The year was 1981 and Reagan had just taken office and appointed James G. Watt as Secretary of the Interior. The Reagan presidential campaign was successful at making Jimmy Carter look like a weak president who was not capable of running the country. Ted Koppel had been on television every night for months reinforcing the myth that Carter’s weakness was responsible for American hostages being taken from the embassy in Iran.
At the same time Reagan was inaugurated, there were split screens – high-tech television at the time – showing his swearing in, and the hostages being released. The media has still not told us, with any voracity, that the hostages were released because we made a secret weapons deal with that country.
The Republicans immediately started to flex their muscles and picked James G. Watt to tour the country, advocating oil production at the expense of irreplaceable public treasures. He even said it himself; “I will err on the side of public use vs. preservation”. I started getting mail from the Sierra Club and The Wilderness Society asking for donations, which I gave for the first time in my life. I had just spent the best times of my life, backpacking into places like Arches, Zions, Capital Reef, and the Uintas with a good friend.
The local ABC affiliate reported that Watt would be visiting Utah and even gave the room number where a press meeting would take place in the Federal Building. Having maintained a nearly perfect working record at my job, I hated to ask for a day off with such short notice, but I badly wanted to go to the event and record what was said.
My boss said no.
For the first time in my life, I didn’t show up for work without calling. I went to the Federal Building that day and there were hundreds of people there. I asked them when the meeting was going to start. They all told me we would not be allowed into the meeting.
I was not a happy guy.
I had just jeopardized my job to be there and decided to go upstairs. The meeting was being held in a very small room with a capacity of about 50 people. There were reporters and a woman dressed in jeans hanging around murmuring against Watt. I asked if it would be OK if I went inside. They looked at me like I was crazy and said “sure”. So I, incredulously walked in, holding my little recorder and stood there waiting to see this man whom I imagined would look like an evil Marlboro Man. A couple of secret service guys came in and were looking behind curtians to assess any threat which gave me some pause about what I was doing.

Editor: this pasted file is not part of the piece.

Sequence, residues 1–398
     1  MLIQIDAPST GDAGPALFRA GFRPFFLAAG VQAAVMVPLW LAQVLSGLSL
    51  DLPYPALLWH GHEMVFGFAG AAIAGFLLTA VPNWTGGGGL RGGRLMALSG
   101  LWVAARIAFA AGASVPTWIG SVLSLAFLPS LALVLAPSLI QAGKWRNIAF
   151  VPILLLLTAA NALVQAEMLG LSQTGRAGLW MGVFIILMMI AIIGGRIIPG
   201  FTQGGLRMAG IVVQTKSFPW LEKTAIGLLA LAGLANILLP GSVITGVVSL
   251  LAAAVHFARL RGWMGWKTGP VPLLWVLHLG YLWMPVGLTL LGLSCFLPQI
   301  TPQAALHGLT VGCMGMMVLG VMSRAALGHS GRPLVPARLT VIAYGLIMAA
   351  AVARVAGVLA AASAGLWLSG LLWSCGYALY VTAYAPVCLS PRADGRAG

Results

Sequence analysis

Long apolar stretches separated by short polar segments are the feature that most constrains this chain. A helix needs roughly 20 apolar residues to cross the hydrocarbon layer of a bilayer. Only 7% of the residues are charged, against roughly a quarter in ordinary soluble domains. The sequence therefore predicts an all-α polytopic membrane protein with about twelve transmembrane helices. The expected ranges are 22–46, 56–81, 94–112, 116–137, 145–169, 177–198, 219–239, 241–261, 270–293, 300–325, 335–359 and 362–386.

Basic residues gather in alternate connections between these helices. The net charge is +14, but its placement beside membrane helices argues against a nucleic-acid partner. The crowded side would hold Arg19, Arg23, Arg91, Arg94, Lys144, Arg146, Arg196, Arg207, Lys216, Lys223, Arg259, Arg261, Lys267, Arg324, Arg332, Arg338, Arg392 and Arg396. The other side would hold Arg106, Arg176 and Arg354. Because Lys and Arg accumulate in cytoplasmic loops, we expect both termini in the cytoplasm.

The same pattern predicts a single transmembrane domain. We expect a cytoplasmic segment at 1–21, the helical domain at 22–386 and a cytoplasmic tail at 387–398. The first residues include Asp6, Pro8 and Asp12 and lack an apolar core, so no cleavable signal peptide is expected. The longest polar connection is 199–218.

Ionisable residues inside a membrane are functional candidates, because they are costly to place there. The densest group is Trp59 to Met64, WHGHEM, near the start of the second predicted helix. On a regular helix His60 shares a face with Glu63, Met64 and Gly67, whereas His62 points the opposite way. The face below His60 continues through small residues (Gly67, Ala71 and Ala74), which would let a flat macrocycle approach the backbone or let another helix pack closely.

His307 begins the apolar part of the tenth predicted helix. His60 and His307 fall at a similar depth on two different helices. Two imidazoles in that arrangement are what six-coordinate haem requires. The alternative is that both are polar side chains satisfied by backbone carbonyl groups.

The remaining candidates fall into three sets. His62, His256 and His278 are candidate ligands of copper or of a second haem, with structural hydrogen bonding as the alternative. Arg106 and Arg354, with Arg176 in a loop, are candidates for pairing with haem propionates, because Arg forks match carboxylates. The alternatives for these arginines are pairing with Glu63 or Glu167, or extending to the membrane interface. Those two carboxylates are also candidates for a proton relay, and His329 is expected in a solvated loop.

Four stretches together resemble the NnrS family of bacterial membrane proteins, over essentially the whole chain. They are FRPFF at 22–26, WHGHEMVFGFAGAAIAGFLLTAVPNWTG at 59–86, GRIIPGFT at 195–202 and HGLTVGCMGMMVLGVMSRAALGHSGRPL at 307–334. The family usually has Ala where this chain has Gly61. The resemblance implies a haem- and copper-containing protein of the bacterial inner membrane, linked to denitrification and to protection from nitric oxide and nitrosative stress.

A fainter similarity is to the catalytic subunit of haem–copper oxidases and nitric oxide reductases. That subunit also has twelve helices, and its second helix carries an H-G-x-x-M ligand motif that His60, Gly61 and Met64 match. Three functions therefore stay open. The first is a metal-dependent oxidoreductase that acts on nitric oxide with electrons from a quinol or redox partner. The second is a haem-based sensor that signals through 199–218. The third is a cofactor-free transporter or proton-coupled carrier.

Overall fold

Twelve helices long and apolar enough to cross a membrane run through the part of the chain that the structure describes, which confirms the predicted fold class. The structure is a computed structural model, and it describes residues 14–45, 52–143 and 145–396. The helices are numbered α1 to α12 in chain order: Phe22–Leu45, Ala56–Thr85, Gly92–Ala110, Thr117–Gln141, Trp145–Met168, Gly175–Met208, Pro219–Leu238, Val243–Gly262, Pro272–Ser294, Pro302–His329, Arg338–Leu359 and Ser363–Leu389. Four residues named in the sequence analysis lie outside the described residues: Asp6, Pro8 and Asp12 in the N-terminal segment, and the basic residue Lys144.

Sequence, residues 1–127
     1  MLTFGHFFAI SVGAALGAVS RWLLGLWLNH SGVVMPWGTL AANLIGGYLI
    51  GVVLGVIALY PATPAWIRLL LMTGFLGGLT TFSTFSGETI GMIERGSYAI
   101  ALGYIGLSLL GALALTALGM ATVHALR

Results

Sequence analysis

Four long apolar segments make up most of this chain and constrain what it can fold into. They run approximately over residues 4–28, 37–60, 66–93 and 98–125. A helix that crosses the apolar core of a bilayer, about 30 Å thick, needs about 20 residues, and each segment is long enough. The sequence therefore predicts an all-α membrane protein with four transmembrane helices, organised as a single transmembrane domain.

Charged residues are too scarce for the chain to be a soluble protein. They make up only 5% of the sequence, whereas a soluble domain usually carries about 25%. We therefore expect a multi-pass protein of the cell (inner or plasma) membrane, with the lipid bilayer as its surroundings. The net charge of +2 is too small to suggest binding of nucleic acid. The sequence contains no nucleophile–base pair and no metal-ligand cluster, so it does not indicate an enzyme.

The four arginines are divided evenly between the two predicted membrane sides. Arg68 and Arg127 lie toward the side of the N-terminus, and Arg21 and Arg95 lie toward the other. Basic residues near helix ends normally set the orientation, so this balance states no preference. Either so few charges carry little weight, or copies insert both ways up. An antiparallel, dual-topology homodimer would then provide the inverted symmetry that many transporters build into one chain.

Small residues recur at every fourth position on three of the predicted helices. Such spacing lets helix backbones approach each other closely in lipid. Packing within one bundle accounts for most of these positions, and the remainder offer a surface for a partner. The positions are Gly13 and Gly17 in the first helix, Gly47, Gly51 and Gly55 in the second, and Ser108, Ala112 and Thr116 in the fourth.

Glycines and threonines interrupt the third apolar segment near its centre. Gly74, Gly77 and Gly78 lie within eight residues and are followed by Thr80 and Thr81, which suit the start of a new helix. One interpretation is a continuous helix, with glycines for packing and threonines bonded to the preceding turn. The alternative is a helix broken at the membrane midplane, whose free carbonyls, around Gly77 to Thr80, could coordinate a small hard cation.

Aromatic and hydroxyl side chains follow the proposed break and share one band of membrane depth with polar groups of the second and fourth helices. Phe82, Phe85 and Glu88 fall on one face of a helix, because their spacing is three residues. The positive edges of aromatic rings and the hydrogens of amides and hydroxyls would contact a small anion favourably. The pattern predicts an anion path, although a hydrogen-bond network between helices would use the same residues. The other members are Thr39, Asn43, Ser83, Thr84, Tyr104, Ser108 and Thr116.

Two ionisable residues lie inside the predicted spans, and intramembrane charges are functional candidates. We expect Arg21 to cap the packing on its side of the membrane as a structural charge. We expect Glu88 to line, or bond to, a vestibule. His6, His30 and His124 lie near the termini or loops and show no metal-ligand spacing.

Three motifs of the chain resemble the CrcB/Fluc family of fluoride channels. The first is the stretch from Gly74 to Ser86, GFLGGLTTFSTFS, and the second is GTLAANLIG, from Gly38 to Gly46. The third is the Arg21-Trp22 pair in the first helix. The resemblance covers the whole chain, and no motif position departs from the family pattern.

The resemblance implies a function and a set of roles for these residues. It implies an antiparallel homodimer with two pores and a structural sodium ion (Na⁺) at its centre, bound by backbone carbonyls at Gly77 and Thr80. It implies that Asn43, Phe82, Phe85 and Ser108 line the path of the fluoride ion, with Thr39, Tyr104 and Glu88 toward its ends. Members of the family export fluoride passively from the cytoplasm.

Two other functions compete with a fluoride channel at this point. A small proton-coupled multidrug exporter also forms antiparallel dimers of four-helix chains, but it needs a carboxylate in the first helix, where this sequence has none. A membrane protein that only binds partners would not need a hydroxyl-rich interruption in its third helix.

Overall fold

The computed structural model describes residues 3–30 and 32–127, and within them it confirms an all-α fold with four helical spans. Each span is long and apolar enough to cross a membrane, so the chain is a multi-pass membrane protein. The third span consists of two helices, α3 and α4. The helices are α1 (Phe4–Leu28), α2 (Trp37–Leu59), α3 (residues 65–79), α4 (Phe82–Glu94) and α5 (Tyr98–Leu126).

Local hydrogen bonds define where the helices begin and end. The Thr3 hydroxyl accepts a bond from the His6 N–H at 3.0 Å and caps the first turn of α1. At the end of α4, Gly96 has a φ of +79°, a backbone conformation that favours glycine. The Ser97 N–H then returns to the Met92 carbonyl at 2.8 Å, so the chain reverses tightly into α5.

Even after Jim Hansen walked past me escorting Watt, It didn’t dawn on me that he was the man who was intent on destroying Utahs wilderness for profit until he took the podium. Yep, that tall 28 year old standing there with man boobs during the procession is me:
The recording I made was of such poor quality that nothing could be heard. I remember that Watt’s presentation was unremarkable except for my observation that he kept repeating the phrase, “we’re here to restore Americas greatness”.
You really have to admire the profiteers for their tenacity. They are back again trying to gain access to the very coal they meant to exploit in 1981, ignoring the fact that they will pollute the beauty of Utahs beloved Bryce Canyon. Try to show up at the hearing – not listening – hearing.
What: Alton Coal Mine Environmental Impacts Hearing
When: Wednesday, December 7, 6:00 PM
Where: Salt Lake City Library, 210 East 400 South, Salt Lake City